How do bees find food in the city? Urban Beekeeping and Hive Mind: – BBC Earth Unplugged

To celebrate the release of the Cities episode of Planet Earth II, Maddie Moate went down to East London to meet the beekeeper Chris from Barnes & Webb who manages a selection of beehives across the city. Continue reading

Deforestration – Teacher Demo

 

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This demo is part of the STAO demo collection available free of charge on our website.

 

Primary industry has been important to the Canadian economy for hundreds of years. In particular, the vast forests in British Columbia and Ontario provide the raw materials for a billion-dollar industry. Forests are also environmentally important as they remove carbon dioxide from the air and replenish the atmosphere with oxygen. Each forest is a diverse community of different plant and animal species. In addition, the roots of trees and vegetation help to absorb water, limiting rain runoff and reducing soil erosion.

There are a several different logging practices, each with economic and environmental advantages and disadvantages:

  • • Clear cutting: involves the removal of all trees and vegetation in the area. Although it is the cheapest method of logging, the environmental impact is severe.
  • • Shelter-wood cutting is the staged harvesting of strips of trees. Seed-bearing trees are left to regenerate and wind damage is reduced but erosion along the strips is still a problem.
  • • Patch cutting involves selectively cutting 100-200 ha patches of trees, leaving connectivity between the remaining forest. It is costly because specialized equipment is required, but less environmentally damaging.
  • • Selective cutting is the removal of only the most desirable trees from the forest. This has the least impact on the forest however it is very costly.

This demonstration simulates the effects of the removal of vegetation on erosion of soil in an ecosystem.deforestration

Click here to download the complete demo…..

Happy Earth Day!!!!!!!

This week, people from around the world will gather to support environmental protection and celebrate Acts of Green. Whether you join in a local conversation, incorporate sustainability curriculum into your classroom, or take a moment to review your own carbon footprint, we hope that this week (and the ones to follow!) leave you inspired to live in a way that protects our planet for generations to come.

From Wood to Wing to Classroom

Using a real-world biofuels project as a K-12 teaching moment

Educators know the power of an authentic performance task, a task where students are asked to demonstrate their knowledge, understanding, and proficiency in a relevant, genuine context.

For example, the culminating activity in Facing the Future’s middle and high school energy curricula, Fueling Our Futureis a stakeholder meeting. In this performance task, students are asked to use what they have learned about biofuels, sustainability, and communication to negotiate and to create a policy recommendation for a sustainable biofuel mix in the Pacific Northwest. In the coming months, the Northwest Advanced Renewables Alliance (NARA) will be participating in a performance task of their own– the production of 1,000 gallons of bio-jet fuel made from wood and a demonstration flight with Alaska Airlines!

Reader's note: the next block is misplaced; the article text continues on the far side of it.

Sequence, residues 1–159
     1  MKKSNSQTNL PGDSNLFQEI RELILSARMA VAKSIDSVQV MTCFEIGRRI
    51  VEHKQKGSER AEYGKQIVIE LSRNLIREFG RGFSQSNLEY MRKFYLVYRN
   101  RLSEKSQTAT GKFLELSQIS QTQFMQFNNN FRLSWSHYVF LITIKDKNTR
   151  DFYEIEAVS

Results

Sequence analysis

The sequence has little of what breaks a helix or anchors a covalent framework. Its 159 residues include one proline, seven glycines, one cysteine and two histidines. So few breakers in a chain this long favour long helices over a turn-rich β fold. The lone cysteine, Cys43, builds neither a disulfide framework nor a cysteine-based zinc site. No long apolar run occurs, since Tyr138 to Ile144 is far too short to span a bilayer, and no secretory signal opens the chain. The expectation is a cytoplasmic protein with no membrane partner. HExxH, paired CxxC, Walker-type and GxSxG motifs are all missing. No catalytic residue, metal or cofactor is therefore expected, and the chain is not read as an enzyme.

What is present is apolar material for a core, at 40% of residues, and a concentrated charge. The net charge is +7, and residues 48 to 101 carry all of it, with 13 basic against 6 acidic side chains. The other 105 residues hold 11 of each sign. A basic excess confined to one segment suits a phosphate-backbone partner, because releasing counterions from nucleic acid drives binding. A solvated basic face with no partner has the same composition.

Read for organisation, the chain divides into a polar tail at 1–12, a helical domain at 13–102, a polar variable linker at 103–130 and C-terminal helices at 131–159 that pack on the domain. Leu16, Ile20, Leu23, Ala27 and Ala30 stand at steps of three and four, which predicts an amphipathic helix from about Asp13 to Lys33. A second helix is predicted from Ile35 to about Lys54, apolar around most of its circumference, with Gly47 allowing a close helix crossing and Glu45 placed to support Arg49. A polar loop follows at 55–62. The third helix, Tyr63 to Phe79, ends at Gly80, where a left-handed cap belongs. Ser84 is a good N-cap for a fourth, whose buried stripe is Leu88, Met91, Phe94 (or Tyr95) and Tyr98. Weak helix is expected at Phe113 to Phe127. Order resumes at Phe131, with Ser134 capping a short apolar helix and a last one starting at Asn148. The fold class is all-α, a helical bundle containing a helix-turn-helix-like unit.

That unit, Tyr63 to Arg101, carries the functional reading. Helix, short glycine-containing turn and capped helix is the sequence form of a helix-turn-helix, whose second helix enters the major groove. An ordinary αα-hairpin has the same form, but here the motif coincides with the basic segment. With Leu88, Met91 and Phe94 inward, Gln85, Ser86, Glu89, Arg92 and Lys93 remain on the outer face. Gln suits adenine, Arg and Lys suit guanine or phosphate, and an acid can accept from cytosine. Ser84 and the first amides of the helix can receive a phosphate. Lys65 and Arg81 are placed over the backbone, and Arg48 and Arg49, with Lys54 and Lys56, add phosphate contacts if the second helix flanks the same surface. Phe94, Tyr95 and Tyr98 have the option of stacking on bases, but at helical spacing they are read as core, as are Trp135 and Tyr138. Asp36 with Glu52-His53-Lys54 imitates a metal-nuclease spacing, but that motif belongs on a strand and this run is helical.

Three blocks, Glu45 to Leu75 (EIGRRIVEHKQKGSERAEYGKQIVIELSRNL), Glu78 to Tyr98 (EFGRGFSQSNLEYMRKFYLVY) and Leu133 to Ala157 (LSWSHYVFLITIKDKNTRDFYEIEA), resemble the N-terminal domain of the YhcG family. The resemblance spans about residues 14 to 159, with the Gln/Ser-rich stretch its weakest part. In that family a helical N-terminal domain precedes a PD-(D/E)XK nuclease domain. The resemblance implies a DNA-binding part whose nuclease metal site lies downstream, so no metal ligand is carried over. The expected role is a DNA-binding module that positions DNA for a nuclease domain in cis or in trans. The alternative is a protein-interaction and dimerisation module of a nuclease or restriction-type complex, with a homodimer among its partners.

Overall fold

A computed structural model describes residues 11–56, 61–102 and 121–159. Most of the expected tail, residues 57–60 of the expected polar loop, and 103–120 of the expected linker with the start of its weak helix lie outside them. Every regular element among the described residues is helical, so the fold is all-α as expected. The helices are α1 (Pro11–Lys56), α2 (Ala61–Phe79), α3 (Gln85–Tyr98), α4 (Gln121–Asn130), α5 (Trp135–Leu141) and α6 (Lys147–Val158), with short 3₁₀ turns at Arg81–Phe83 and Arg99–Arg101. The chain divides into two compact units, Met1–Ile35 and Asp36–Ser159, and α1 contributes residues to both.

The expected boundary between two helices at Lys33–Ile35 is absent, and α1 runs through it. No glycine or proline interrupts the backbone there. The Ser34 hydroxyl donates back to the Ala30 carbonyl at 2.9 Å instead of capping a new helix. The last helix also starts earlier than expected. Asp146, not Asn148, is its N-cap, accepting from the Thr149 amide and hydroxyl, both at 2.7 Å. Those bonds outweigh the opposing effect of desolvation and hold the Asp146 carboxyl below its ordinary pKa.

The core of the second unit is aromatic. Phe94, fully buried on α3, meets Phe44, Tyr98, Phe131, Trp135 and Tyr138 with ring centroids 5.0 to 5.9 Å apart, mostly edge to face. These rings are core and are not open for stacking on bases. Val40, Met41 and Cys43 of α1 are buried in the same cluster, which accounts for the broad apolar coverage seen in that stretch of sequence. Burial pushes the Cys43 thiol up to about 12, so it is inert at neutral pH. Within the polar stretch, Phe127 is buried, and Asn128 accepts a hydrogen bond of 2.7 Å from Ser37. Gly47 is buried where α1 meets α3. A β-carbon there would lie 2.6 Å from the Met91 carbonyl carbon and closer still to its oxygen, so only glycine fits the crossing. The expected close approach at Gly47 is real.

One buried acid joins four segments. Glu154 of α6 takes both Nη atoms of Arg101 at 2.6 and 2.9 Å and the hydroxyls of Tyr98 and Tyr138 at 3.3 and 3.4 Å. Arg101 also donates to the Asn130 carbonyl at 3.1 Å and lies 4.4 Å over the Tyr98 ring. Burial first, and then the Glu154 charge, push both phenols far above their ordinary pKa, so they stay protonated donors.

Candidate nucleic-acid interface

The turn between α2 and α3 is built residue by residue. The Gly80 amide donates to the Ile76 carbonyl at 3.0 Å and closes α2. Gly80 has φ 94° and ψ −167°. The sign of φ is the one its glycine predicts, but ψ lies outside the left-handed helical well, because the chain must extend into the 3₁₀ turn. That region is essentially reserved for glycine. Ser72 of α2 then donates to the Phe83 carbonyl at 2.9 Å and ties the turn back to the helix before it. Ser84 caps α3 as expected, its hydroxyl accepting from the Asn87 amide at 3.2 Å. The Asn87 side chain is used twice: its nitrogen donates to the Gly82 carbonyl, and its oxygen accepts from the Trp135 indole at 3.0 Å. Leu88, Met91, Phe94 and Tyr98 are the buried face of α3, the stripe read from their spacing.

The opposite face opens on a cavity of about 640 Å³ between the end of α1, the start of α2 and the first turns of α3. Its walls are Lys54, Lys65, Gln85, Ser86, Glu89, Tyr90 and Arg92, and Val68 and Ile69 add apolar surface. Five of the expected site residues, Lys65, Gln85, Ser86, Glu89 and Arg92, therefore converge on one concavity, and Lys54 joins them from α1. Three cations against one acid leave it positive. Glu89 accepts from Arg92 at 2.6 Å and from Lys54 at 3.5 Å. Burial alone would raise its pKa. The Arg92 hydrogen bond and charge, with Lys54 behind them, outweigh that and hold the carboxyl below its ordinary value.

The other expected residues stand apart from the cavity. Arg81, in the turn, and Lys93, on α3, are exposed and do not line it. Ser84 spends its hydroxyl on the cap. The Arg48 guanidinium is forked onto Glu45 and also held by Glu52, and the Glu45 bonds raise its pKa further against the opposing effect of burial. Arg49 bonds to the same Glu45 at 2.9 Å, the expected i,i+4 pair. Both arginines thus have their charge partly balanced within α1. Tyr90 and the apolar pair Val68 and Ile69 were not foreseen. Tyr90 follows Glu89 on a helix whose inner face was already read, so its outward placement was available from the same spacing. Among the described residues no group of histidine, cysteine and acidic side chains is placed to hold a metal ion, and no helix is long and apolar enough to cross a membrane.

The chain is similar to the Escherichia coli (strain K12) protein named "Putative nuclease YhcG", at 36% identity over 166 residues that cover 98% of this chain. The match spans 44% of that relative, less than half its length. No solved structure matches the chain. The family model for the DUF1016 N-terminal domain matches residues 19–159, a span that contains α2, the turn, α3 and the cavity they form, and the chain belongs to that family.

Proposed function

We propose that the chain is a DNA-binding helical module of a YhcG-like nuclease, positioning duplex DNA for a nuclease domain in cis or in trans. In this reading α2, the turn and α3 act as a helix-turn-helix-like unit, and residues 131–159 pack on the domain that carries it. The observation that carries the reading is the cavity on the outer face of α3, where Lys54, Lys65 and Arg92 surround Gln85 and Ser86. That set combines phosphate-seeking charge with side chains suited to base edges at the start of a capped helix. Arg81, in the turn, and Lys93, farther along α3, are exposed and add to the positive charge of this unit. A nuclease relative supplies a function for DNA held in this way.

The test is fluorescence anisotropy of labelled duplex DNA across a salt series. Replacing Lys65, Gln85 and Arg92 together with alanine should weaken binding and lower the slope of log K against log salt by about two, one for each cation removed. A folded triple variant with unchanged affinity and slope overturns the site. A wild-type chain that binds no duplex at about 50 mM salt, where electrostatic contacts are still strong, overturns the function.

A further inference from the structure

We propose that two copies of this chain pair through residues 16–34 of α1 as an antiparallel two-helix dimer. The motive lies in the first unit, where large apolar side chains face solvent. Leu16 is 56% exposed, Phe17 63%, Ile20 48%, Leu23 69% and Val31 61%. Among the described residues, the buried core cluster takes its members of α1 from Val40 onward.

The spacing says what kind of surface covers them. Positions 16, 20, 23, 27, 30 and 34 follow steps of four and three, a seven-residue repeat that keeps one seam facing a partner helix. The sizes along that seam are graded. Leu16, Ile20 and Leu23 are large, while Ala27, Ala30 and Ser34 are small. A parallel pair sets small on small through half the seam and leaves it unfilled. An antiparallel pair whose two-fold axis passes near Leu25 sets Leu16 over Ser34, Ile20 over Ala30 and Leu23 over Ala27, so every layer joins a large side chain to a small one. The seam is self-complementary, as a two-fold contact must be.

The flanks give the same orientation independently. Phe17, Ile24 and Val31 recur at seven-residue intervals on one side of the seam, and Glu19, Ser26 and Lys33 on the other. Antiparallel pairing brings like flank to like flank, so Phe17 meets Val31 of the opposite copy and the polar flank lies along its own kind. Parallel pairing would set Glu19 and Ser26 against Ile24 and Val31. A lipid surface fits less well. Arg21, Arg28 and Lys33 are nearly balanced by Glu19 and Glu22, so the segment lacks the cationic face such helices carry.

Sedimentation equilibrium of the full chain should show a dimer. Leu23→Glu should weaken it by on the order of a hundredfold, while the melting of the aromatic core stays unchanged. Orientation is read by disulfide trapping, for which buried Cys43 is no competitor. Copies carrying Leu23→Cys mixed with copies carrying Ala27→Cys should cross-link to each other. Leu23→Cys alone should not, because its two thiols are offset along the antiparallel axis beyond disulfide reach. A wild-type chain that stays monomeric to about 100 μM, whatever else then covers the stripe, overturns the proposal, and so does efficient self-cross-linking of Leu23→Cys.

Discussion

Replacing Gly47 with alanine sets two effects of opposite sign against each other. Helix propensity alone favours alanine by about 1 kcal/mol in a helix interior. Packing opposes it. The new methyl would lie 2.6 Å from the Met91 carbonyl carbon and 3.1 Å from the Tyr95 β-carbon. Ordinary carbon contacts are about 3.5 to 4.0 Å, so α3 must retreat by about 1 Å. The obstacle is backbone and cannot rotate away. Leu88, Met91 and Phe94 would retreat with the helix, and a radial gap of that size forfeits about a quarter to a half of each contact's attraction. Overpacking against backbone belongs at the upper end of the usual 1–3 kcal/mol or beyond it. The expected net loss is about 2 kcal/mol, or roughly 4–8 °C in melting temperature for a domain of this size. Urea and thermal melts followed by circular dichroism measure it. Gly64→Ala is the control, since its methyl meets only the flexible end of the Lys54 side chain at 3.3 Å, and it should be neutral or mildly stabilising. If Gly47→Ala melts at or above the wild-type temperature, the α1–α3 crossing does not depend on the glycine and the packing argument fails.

In 2011, NARA was awarded a grant from the USDA National Institute of Food and Agriculture to research and develop a sustainable supply chain for aviation biofuel in the Pacific Northwest (USA). Since then, this alliance of universities, government labs, and private industry has been evaluating the feasibility and sustainability of using forest residuals, or slash from logging operations, as feedstock for bio-jet fuel and co-products. Not only will this 1,000 gallons of biofuel demonstrate 5 years of learning and research, it could also provide evidence for stakeholders around the world that the science and markets are ready with viable and regional alternatives to petroleum-based fuels.

To help prepare students and teachers around the PNW for this emerging field of bioenergy, the NARA education team has been working to promote (bio)energy literacy through the development of educational resources and programs.

Read the full story on our Facing the Future blog.

Apply Now to Become a Peer Educator

Since 2003, Facing the Future has worked with a network of teachers who evaluate our programs in their classrooms and share Facing the Future curriculum at workshops through our Peer Educator program.

Peer Educator Program Benefits:

  • Receive a stipend of $500 upon completion of the requirements and program
  • Gain access to our online community of Peer Educators and tools and resources for workshops
  • Contribute your insights and knowledge to a growing body of sustainability education resources
  • Receive free copies of the featured Facing the Future curriculum
  • Gain recognition as a leader in education for sustainability

Interested in learning more? Check out our program description page, or apply now by clicking below.

Upcoming Events
We encourage you to check out this Global Classroom workshop presented by the World Affairs Council of Seattle, WA:

Displacement, Resettlement, and Responding
to the Global Refugee Crisis

April 20, 4:30 p.m. to 7:30 p.m.
Antioch University, Seattle Campus
More details

The Northwest Advanced Renewables Alliance (NARA) invites you to their upcoming event in Seattle, WA:

The 2nd Northwest Wood-Based Biofuels + Co-Products Conference, Education Track: Bioenergy Literacy in STEM Education
May 3-4, 2016
Seattle Airport Marriott
More details